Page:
Guest Post: Protect Your Kids – 5 Ways to Teach Them to Dive Safely

Protect Your Kids – 5 Ways to Teach Them to Dive Safely

A young child sees one of his friends do a cannonball off the end of the diving board at the family pool.  Excited to try it himself, he runs to the end of the pool, climbs on the board and runs to the end of it.  Is anything wrong with this picture?  There are several possible concerns about this scenario, which brings up 5 ways to make sure your child is diving safely.

1) Make sure the child is old enough to dive.  According to, until children are about 7 or 8, they are likely too young to be diving.  If the child is younger than that age, they really don’t understand what is going on with the process of diving.  The child may tend to react in fear, treating the water as if it is a solid object, and tense up accordingly on a diving board or along the side of a pool.  As well, the child may not have developed the necessary muscles and coordination for the diving process.  Make sure the child can swim well before attempting diving.  Seeing an older child jump from the end of the board and make a huge splash may look appealing, but it may be too much for the child to absorb.

2) Talk to your child about diving.  Explain to the child that the water is not hard when they hit it, so the child won’t tense up as if they were hitting a solid object.  It is a reflex for a child to pick their head up and stick their hands out if they think they are falling.  The form necessary for diving may not seem natural, and the child might resist.  Ask the child if they have any fears about diving, and address their concerns.  Have the child watch the parent jump off the diving board with the proper form, and emerge from the water with a big smile on their face.  It will likely change their whole attitude toward diving.

3) Practice diving first.  While on land, have the child practice the motion of diving.  Show them how to place their arms over their head, pull their arms against their ears, and tuck their chin in a bit – but not to an uncomfortable degree.  The child can crouch down a bit and with one knee on the ground, one foot flexed, lean forward to get comfortable with the movement.  Practice the forward motion of diving until the parent believes the child understands the basic motion.  After this becomes comfortable, then bring the child to the edge of the pool with the parent in the water.  If necessary, have the child start by jumping into the parent’s arm from the side of the pool.  Continue this until the child is comfortable with the diving experience.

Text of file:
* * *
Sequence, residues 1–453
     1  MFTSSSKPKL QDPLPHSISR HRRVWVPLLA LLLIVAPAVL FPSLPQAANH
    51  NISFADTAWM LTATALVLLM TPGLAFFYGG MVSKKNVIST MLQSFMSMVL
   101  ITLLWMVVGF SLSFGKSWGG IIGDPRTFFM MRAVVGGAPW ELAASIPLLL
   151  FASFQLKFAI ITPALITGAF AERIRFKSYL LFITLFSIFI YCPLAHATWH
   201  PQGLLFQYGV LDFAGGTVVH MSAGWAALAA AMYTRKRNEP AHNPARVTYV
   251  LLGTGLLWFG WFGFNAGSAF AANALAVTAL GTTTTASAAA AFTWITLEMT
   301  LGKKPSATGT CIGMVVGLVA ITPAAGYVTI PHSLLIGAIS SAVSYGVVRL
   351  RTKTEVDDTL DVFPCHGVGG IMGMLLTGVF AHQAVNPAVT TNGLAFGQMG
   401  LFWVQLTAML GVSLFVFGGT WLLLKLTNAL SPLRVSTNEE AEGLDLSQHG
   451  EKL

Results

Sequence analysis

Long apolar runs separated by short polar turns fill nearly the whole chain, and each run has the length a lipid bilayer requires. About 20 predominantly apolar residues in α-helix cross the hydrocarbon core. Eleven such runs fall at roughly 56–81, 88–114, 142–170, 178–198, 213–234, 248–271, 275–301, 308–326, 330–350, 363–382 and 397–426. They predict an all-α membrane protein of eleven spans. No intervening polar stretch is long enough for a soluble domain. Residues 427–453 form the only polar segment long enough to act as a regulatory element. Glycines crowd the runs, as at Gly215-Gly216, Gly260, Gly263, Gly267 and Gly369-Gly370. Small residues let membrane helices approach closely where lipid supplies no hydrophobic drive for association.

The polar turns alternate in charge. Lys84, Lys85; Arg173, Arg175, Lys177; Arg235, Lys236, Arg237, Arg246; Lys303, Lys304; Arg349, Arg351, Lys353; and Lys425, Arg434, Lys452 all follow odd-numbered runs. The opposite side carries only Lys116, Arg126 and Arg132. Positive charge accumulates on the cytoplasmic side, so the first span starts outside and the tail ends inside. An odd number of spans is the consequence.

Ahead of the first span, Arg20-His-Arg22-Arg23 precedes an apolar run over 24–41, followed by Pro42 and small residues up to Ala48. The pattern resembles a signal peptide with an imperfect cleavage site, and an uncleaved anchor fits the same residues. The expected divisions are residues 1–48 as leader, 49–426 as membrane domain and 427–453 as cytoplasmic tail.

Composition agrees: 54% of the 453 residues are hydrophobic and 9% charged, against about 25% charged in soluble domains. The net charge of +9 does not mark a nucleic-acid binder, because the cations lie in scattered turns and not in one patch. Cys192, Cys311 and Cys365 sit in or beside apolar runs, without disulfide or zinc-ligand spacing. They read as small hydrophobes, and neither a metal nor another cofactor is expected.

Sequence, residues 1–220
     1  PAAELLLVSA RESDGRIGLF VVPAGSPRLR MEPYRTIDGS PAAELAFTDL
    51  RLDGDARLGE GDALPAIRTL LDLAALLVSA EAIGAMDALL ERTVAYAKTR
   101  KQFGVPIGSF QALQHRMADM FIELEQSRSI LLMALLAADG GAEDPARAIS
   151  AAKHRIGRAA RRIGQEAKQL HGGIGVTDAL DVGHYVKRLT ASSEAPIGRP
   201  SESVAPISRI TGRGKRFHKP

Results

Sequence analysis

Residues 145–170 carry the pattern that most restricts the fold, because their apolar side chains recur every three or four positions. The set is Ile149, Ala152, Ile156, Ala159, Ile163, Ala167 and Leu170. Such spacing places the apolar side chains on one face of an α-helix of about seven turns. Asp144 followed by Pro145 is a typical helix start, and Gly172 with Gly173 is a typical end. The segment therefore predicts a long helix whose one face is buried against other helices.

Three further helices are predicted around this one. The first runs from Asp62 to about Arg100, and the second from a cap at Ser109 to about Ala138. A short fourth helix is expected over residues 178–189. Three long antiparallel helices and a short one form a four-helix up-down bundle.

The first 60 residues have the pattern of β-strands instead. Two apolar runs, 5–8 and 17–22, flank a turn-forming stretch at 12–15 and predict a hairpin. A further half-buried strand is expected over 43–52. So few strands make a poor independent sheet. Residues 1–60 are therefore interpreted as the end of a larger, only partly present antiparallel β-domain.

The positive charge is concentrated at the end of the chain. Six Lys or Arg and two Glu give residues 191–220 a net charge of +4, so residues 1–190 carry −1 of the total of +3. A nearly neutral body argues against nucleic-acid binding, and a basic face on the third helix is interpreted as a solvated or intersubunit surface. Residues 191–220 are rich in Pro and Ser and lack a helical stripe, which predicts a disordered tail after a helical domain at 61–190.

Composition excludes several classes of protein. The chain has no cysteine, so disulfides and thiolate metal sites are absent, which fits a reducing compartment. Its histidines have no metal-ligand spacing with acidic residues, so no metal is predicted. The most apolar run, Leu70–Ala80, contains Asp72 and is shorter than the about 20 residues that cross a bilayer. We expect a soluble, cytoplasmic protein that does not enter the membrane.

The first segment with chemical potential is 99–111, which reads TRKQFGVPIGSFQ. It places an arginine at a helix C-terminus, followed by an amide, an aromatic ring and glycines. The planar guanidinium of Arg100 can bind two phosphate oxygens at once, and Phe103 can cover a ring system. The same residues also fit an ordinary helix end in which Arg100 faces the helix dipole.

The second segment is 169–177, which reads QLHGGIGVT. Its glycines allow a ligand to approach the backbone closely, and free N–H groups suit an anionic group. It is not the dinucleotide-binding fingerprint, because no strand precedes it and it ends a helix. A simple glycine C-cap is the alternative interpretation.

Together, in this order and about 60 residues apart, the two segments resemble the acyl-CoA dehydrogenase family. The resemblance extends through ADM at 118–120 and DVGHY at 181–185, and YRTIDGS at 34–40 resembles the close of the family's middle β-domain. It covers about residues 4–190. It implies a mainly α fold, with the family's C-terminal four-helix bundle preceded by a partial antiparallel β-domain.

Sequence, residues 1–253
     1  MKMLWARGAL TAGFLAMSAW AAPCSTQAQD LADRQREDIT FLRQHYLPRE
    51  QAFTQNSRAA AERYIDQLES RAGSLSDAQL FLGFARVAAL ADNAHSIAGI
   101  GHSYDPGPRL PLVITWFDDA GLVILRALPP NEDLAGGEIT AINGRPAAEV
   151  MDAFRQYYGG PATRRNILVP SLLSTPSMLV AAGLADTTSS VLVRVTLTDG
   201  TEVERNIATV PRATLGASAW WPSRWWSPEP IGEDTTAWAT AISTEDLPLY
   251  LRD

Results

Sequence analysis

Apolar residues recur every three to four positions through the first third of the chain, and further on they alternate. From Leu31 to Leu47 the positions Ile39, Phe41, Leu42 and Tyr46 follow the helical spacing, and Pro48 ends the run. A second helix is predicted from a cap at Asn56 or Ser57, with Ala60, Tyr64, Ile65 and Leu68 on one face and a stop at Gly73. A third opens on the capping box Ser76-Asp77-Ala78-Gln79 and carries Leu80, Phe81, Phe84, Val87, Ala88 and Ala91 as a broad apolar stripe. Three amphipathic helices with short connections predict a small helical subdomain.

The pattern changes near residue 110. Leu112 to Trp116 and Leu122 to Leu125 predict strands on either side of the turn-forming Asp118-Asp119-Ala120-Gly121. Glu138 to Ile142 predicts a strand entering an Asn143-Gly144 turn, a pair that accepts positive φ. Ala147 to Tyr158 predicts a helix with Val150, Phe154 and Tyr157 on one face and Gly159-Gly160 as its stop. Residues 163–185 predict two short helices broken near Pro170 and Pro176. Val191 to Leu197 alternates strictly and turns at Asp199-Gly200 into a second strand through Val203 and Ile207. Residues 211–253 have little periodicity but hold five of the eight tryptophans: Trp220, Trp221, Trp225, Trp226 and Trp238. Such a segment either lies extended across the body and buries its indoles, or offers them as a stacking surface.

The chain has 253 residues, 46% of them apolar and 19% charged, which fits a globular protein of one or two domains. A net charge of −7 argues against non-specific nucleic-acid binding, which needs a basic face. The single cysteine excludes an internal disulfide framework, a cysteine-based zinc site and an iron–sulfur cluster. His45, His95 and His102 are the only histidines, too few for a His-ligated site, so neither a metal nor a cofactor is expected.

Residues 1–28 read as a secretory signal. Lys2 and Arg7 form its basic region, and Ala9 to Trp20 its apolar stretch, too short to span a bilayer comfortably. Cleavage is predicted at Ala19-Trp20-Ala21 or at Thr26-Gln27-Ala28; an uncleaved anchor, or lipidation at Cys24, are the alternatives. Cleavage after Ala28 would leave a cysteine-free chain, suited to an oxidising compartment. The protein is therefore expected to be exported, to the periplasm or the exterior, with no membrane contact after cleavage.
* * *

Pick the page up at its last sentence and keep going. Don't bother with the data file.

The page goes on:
4) Make sure the diving area is safe.  The first rule is that the water must be deep enough.  Explain to the child that diving into waters of uncertain depth is to be avoided.  Diving into the shallow end can be disastrous, so make it clear that diving is only for the deeper water, or if at a public pool, where the lifeguard has approved it.  This caution applies even more so to a lake, where the water is not clear enough to see the bottom.  If there is a swimming area, and the lifeguard says it is OK, that area is safe for diving.  Otherwise, make it clear to the child that no diving is to be performed where the water depth hasn’t been checked out.

5) If necessary, utilize professional help.  Not all parents are swimming and diving instructors.  Be willing to admit that if it applies, and allow a professional to take the child under their wing and teach them to dive.  If the parent is uncomfortable in the water, or not confident in their own swimming and diving abilities, they might transmit that fear and uncertainty to the child.  If the learning process is made pleasant and positive, the child will be much more likely to take to the water naturally, like most children do with even a little encouragement.

With a big smile on his face, your son waves at you from the end of the diving board.  You’ve taken all the proper measures to have him learn to dive safely.  You lean back in your lawn chair and enjoy that moment when he leaps up and plunges into the water to create that big splash so enjoyed by children everywhere!

Becky Flanigan is a freelance writer for In The Swim.  She has three kids with her wonderful husband, two boys and a girl  She is also the proud owner of two lovely golden retrievers.  She spends hours at her family swimming pool, watching the dogs and kids splash and play.  She is also a runner who is diligently training for her first half marathon.

1 thought on “Guest Post: Protect Your Kids – 5 Ways to Teach Them to Dive Safely”

  1. Although I was always an avid swimmer-I never could get myself to jump off a diving board or even the side of a pool–I did manage-in my much younger days to get life saving certification! I also taught a couple of my friends children to swim—but diving–NO THANK YOU to this day!!!

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